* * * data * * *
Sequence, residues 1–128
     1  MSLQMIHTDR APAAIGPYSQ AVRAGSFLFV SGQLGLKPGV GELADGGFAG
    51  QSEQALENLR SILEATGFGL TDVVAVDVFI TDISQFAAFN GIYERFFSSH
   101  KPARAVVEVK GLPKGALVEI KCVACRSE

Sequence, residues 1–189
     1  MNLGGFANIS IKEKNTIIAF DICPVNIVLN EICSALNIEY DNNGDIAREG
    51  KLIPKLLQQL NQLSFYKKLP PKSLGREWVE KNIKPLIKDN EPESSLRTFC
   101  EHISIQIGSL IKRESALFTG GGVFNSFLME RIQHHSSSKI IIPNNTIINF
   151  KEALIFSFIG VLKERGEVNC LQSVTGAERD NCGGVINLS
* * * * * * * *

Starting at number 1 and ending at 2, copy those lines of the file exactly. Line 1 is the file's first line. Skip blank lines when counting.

Sequence, residues 1–128
     1  MSLQMIHTDR APAAIGPYSQ AVRAGSFLFV SGQLGLKPGV GELADGGFAG